I had met Susan a scant eight months earlier. I was 24, and she was younger. I had no idea how much younger. After we had dated a couple of times I was over at her house having lunch. I told her a story about how, when I had turned 21, I did not want to just get drunk. What I wanted to do was get all dressed up and go to a fancy nightclub. My friend Bob Abel turned 21 a couple of days after I did, and he felt the same way. We got all fancied up in suits and went to a fine nightclub. The odd part was that Bob was 6’ 5” tall, and I guess we both looked older. The people at the nightclub welcomed us and led us in to a table, and did not ask for an ID. We repeated this at several nightclubs and got increasingly frustrated. Nobody seemed to want to check our IDs! Finally, by now pretty smashed, we got carded at a seedy bar two blocks from my rooming house.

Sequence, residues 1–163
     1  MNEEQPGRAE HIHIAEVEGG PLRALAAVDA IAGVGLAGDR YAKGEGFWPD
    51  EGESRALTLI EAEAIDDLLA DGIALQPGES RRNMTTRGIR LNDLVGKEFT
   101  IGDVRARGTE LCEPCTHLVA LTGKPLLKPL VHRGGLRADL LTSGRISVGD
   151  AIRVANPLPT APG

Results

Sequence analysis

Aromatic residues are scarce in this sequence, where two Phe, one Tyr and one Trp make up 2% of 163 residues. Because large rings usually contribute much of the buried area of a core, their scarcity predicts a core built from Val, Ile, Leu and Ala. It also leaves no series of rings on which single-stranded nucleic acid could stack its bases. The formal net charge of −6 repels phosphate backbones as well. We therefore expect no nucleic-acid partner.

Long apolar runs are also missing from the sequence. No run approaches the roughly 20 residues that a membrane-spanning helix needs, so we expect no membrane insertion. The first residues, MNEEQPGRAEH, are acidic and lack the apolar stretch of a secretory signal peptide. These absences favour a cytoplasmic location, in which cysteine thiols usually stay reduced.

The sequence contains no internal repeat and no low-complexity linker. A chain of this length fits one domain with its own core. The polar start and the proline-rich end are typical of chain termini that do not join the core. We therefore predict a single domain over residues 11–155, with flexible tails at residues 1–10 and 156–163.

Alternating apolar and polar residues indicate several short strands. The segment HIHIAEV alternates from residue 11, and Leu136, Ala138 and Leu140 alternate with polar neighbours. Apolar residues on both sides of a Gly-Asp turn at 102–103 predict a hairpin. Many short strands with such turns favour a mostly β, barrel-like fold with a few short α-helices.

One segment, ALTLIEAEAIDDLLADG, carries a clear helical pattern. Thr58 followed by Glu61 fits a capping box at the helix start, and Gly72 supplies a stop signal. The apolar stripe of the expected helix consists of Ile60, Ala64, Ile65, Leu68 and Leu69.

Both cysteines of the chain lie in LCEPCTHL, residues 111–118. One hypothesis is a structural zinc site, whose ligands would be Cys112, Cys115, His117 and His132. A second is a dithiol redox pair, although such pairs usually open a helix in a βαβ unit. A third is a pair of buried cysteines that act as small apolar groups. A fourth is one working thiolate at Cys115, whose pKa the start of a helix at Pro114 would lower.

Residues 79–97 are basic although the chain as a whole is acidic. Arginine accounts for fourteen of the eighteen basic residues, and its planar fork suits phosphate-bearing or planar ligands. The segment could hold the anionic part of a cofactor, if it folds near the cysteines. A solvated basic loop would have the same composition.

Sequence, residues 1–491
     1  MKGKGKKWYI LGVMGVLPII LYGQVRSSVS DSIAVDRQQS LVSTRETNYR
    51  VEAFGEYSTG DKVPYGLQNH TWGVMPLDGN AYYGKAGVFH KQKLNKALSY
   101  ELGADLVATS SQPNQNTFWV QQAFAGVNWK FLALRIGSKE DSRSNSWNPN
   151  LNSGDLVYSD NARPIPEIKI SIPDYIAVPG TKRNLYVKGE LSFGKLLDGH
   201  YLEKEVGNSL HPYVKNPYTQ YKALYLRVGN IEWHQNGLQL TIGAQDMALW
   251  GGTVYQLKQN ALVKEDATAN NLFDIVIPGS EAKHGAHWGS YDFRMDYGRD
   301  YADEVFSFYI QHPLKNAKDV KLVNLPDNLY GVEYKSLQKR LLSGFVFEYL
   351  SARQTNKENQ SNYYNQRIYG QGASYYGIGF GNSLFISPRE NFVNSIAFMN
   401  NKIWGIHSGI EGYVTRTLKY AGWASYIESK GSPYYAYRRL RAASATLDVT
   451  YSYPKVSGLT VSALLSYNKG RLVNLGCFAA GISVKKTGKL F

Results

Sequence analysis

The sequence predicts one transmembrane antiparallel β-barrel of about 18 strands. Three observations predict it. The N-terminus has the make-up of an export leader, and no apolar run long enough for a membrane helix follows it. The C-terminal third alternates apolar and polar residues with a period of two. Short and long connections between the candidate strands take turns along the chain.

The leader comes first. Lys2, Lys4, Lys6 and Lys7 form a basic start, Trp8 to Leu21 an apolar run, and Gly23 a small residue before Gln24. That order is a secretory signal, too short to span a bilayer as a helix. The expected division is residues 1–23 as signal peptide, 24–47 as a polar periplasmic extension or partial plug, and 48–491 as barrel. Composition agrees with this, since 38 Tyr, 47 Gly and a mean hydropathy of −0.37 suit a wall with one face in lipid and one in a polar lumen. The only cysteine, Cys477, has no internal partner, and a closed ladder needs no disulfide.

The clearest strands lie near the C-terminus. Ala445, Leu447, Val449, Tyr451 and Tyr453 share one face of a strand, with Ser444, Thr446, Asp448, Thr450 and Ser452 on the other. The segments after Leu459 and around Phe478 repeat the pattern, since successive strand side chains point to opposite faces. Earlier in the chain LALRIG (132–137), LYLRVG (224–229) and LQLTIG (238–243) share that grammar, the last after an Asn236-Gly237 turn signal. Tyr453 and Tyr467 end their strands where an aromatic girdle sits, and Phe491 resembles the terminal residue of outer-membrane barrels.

Susan replied “That’s what I’d like to do when I turn 21.” I froze; my sandwich halfway to my mouth. How old WAS she? Was I putting my teaching career in peril by dating an underage woman? I gasped out the obvious question, and was only partially relieved to hear that she was 19.
We became engaged ten weeks after we met, and I was away on a motorcycle trip to Florida for five of those weeks. When she burst into her parents’ bedroom on the night of September 24th to announce that she was engaged, her father sat up in bed and asked “To whom?” I’ve always loved the fact that my father in law, also an English teacher, used “whom” correctly at that moment.